U.K. Stocks Are Little Changed Amid U.S. Budget Talks
U.K. stocks were little changed as U.S. politicians discussed measures to prevent the so-called fiscal cliff of automatic tax increases and spending cuts from coming into effect next month.
Centamin Plc (CEY) surged 25 percent after saying fuel supplies to its Sukari gold mine in Egypt may resume. London Stock Exchange Group Plc (LSE) rose 4.2 percent as U.K. regulators cleared its purchase of a stake in LCH.Clearnet Group Ltd. Volex Plc (VLX) plunged 37 percent after saying demand weakened across all its businesses in the second half of the year.
The FTSE 100 Index (UKX) slipped 7.85 points, or 0.1 percent, to 5,921.76 at the close in London. The benchmark measure posted a weekly advance of 0.1 percent for a fourth straight gain. It has rallied 13 percent since a low on June 1 as the European Central Bank announced an unlimited bond-buying plan and the Federal Reserve began a third round of asset purchases in the U.S. The broader FTSE All-Share Index and Ireland’s ISEQ Index were also little changed today.
“The Christmas rally seems to have taken a brief pause,” said Angus Campbell, head of market analysis at Capital Spreads in London. “Whilst many expect a resolution to the U.S. fiscal cliff negotiations, some are coming to terms with the possibility that we may indeed go over it. Hopes are slowly being dashed and, yesterday, House of Representatives leader John Boehner announced nothing new.”
President Barack Obama and House Speaker Boehner met yesterday to discuss a new budget aimed at preventing more than $600 billion of spending cuts and tax increases from coming into effect at the beginning of next year.
Industrial production in the world’s largest economy rose 1.1 percent in November, after a revised 0.7 percent drop a month earlier, the Fed said in a report. The median forecast of economists surveyed by Bloomberg called for a 0.3 percent gain.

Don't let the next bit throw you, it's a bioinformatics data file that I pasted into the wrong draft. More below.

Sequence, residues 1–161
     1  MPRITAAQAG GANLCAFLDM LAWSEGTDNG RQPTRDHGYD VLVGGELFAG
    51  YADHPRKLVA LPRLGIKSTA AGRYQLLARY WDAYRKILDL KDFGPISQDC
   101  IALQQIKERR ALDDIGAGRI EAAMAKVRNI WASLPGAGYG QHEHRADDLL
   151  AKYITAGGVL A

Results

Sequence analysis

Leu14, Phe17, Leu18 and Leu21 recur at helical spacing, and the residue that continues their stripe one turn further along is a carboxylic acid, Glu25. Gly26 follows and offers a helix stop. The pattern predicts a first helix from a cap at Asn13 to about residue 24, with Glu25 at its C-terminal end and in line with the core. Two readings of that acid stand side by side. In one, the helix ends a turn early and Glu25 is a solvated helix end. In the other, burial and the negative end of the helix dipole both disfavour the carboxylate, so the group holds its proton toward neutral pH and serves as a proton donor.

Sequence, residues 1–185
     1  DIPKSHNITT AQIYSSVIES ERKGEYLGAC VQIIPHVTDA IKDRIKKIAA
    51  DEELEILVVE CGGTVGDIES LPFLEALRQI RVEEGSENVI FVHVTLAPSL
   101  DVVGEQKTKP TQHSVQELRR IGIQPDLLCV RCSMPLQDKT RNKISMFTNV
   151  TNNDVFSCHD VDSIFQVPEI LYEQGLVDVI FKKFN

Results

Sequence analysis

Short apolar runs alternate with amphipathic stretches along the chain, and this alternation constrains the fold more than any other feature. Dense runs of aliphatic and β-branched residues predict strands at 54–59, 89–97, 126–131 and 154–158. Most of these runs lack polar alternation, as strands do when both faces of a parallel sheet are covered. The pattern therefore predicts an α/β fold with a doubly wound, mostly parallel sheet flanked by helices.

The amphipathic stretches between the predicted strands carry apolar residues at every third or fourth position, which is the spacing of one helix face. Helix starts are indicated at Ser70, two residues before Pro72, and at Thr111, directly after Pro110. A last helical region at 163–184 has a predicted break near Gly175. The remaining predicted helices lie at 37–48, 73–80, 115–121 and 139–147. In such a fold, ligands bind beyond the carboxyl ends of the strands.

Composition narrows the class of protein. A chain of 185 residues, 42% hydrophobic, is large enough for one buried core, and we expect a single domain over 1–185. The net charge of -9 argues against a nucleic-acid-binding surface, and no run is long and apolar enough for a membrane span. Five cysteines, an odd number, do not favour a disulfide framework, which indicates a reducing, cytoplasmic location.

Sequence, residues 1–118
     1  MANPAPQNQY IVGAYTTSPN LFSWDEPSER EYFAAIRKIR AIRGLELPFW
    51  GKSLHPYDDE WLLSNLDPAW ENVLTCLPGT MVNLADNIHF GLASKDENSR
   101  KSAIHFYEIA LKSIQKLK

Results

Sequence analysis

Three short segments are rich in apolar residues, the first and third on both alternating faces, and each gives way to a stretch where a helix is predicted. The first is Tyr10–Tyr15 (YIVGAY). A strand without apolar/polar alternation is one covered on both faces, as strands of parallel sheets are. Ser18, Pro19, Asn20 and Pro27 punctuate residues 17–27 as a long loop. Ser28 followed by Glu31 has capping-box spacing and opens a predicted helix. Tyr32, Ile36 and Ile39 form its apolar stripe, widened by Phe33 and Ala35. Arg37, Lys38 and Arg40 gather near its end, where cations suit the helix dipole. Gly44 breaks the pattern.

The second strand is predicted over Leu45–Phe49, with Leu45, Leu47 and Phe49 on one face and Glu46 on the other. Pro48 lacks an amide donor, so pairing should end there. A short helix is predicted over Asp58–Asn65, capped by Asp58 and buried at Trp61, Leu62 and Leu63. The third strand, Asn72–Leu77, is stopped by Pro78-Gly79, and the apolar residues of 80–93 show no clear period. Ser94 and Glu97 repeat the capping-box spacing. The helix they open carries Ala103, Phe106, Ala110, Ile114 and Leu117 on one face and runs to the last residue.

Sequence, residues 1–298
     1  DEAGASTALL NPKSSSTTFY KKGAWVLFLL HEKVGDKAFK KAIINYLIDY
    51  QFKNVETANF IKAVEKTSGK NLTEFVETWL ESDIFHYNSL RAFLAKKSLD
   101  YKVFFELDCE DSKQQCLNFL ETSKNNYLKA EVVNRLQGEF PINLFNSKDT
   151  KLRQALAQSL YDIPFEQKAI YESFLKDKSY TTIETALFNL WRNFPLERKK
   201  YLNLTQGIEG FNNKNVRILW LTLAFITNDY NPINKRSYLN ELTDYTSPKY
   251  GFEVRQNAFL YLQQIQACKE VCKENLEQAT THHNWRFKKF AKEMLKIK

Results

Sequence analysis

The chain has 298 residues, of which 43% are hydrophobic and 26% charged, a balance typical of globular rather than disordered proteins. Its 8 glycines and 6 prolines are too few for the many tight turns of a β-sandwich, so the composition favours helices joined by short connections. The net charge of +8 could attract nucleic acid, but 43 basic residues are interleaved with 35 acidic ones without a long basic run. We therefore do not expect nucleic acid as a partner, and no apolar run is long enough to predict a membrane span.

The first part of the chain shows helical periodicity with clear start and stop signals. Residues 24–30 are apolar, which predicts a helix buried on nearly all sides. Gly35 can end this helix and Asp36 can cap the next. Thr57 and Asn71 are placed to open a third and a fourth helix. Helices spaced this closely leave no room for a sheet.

In China, the preliminary reading for a manufacturing index based on a survey of purchasing managers was 50.9 for this month, according to a release by HSBC Holdings Plc and Markit Economics. That compared with the median estimate of 50.8 by economists in a Bloomberg survey and a final reading of 50.5 in November. A level above 50 shows expansion.
Standard & Poor’s lowered its outlook on Britain’s top credit rating to negative, citing weak economic growth and a worsening debt profile. The outlook on the AAA grade, revised from stable, reflects “our view of a one-in-three chance that we could lower the ratings in the next two years,” S&P said in a statement late yesterday.
Centamin jumped 25 percent to 34.64 pence, the biggest gain since its 2001 initial share sale, after saying Egyptian General Petroleum Corporation will resume diesel supplies to Chevron Corp., which provides fuel for its Sukari gold mine.
The company plunged 47 percent yesterday after halting production, saying it received an “illegal retrospective claim” from EGPC for $65 million and wouldn’t get fuel until the amount is paid.
LSE advanced 4.2 percent to 1,052 pence, the highest price since Sept. 25, as the Office of Fair Trading cleared the purchase of a majority holding in LCH.Clearnet. The operator of Europe’s oldest independent stock exchange agreed to buy a stake in the region’s biggest clearinghouse for 463 million euros ($610 million) in March.
Bunzl Plc (BNZL), which provides supply services for grocery and health-care companies, advanced 0.6 percent to 1,065 pence after Citigroup Inc. raised its recommendation on the shares to buy from neutral.
Volex slumped 37 percent to 89 pence, the most since at least February 1991. The U.K. maker of power cords for devices including Apple Inc.’s iPhone said it has seen delays in production and a “general softening of demand” in sales in the second half of the year, from an earlier forecast of growth.
Full-year revenue will be between $470 million and $485 million, the company said in a statement, compared with a Sept. 18 estimate for sales to be about 5 percent more than last year’s $518 million.
Weir Group Plc (WEIR) slid 1.6 percent to 1,807 pence after Dahlman Rose & Co. said in a report that the company may see slower growth in its mining business next year.
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